One of my early memories is listening to the tick-a tick-a tick-a of my mother’s Singer sewing machine as she and my cousin Patty sat at the kitchen table making dresses for my sister and me. I was five years old and headed to kindergarten that fall. I knew I wanted to learn to sew.
I had to wait a while; sewing wasn’t in the kindergarten curriculum then or now. Finally, when I was nine, I did get to learn to sew. My mom enrolled us in a Singer sewing class at Pruneyard Shopping Mall (for those who know San Jose / Campbell, California). The first thing I sewed was a sailor dress of blue cotton with a white collar and a red ribbon around the neck. I wore it on the first day of 5th grade.
Sewing was magic. As a ten-year-old, I could create something useful and pretty from the raw materials of fabric, thread, buttons, etc. A dress, a flannel nightgown; I even made an ice-skating outfit––pink jersey with white and pink polka dot sleeves. If only I had pictures.
I sewed a lot until I was about 13, when I’m pretty sure my discovery of boys disrupted my career as a seamstress. I stopped sewing, as other interests and goals also intervened. Years went by. I hadn’t sewed again—until recently.
One of my friends, Etta King, teaches sewing. I asked her if she would help me make a blouse. I will share the work-in-progress on Instagram. It’s a new S Curve of Learning (or a new old one). The raw materials are similar, there is some muscle memory, but much that is unfamiliar too. As is typical of adults, I find the learning curve more challenging than I recall it being when I was a child.
I’m making mistakes, which inevitably result in ripping out seams that I have just painstakingly sewed together. During our lesson on Saturday, a seam needed ripping. It was not easy to rip. Sewists backstitch—go back and forth a few times to reinforce the stitches—at the beginnings and ends of seams to make them durable. This creates a conundrum when the seam has to be undone. As we struggled with the seam-ripping, Etta quipped, “The good news is that you are a really good back-stitcher.”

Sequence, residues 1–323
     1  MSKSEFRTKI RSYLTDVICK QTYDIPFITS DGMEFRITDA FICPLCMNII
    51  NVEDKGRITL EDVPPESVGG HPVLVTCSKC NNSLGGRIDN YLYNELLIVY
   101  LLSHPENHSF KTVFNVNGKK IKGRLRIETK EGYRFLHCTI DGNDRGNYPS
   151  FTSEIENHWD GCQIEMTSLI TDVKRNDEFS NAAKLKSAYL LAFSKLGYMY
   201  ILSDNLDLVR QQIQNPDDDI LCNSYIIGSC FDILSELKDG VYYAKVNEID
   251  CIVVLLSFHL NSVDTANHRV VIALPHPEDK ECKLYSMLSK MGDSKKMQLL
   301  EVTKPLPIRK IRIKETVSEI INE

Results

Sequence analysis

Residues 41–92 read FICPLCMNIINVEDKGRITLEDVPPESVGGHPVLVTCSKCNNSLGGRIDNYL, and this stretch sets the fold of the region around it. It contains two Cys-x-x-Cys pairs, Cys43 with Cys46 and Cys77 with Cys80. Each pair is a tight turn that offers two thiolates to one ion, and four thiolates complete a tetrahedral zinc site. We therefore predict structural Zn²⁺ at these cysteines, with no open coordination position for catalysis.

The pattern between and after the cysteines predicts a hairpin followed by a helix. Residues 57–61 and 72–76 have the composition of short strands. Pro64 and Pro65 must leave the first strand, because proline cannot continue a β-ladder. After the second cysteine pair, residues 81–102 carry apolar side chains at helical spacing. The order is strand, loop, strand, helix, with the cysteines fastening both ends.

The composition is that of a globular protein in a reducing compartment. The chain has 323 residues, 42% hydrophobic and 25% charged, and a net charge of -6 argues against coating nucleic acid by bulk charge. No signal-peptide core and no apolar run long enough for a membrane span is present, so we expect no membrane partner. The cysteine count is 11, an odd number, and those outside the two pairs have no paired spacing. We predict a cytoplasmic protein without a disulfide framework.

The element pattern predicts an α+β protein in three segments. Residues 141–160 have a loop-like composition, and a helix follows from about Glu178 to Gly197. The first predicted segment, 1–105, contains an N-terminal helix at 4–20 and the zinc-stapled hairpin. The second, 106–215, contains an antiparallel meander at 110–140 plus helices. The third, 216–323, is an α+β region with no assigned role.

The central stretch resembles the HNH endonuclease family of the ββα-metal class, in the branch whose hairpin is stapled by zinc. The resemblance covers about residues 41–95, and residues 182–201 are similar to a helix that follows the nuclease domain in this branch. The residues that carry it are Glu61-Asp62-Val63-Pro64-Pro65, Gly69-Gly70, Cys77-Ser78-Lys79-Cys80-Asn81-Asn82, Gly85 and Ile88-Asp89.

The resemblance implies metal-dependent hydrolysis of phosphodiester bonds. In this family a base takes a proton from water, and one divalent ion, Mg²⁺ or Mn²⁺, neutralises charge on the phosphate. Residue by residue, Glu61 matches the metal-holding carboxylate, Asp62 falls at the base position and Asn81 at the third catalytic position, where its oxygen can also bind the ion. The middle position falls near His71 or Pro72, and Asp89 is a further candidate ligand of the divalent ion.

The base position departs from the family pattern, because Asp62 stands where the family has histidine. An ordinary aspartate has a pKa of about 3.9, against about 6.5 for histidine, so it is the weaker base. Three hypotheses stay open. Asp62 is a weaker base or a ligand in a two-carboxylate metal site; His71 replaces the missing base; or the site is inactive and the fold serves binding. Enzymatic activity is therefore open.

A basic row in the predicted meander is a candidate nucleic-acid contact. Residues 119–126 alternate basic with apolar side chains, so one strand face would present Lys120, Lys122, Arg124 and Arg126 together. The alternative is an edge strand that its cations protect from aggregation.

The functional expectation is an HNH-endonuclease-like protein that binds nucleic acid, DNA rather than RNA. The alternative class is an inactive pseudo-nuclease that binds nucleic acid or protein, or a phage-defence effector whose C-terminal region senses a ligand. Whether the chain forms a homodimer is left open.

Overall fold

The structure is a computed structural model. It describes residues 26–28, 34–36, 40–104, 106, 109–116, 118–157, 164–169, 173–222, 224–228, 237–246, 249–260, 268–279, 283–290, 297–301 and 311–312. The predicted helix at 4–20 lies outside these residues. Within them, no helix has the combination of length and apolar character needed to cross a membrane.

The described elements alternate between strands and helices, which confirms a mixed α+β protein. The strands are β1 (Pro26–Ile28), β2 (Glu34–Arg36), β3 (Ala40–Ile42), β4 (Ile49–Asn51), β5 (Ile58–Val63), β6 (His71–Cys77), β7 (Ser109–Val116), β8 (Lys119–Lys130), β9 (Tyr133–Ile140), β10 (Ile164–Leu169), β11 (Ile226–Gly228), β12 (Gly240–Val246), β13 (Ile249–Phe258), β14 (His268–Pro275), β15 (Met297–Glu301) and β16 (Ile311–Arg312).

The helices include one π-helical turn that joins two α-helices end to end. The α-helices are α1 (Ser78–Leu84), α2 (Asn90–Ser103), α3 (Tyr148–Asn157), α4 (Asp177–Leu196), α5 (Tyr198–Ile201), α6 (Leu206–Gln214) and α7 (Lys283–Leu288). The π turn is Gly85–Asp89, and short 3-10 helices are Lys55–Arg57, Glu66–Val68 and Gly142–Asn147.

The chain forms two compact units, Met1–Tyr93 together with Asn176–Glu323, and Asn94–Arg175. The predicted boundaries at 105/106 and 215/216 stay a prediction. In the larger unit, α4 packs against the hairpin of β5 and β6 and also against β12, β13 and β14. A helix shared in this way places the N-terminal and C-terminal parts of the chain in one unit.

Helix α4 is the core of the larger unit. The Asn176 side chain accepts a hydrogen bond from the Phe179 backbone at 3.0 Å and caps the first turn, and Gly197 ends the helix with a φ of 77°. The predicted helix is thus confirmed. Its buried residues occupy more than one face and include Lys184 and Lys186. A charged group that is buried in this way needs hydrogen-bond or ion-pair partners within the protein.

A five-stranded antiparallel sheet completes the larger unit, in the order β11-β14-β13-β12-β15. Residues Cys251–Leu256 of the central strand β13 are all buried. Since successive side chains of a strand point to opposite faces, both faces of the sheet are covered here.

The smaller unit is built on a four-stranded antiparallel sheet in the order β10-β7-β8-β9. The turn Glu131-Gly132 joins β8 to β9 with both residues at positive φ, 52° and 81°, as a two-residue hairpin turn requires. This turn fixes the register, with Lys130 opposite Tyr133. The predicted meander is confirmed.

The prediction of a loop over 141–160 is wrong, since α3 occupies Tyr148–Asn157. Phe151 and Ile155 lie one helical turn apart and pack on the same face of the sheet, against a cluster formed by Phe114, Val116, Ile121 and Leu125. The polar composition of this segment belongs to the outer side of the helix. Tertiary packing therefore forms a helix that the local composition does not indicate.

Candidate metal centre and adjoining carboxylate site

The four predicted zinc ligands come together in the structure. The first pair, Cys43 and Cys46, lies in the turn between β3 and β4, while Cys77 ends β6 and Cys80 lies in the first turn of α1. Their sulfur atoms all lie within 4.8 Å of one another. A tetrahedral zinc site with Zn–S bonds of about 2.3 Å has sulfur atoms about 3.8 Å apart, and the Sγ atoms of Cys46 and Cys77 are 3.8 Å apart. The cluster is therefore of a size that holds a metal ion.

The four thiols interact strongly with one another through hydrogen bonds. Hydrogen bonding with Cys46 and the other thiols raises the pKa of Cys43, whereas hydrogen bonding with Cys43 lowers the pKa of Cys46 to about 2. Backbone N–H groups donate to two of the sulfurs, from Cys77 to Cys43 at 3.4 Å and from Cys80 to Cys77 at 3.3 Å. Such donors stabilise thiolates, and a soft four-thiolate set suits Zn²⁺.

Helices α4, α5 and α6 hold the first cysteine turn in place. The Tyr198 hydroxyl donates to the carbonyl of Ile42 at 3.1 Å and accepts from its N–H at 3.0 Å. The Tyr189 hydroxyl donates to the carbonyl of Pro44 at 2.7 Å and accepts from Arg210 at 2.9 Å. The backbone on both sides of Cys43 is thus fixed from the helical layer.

That very day, Etta came across a poem by Katherine Ferrier about backstitches that reminded me a lot of ‘Step Back to Grow.’
When I asked you to keep going
I did not mean you should not rest
Or listen to the wisdom
Of the back space.Anyone who sews will tell you:
The running stitch might cover ground,
The persistence of its in and out
And ever forward ode to enduring,
But it’s the humble, invisible backstitch,
That pause and reach into the space behind,
That keeps you from unraveling,
That keeps your work from coming apart.
Sometimes you step back to do something you’ve done in the past.
Sometimes you step back to reinforce.
Sometimes you step back to reset, to move forward with greater confidence, knowing your work is unlikely to come apart.
Ripping out a seam is a step back, not a setback, and we backstitch to sew forward. We can all be good at both.
This weeks’ podcast is a departure. I’m introducing you to my business partner, Amy Humble, President of Disruption Advisors.
We are talking about the genesis of our new book, Smart Growth. The process, some things we learned, and some of the behind-the-scenes. I’m excited for you to listen.
As always, thanks for being here!
P.S. A few months ago, I asked you to put in a vote for the Thinkers50 ranking.
The rankings are out, and I have NO DOUBT that the time you took to vote and lend your credibility to the process made a difference. Here they are. Thank you truly.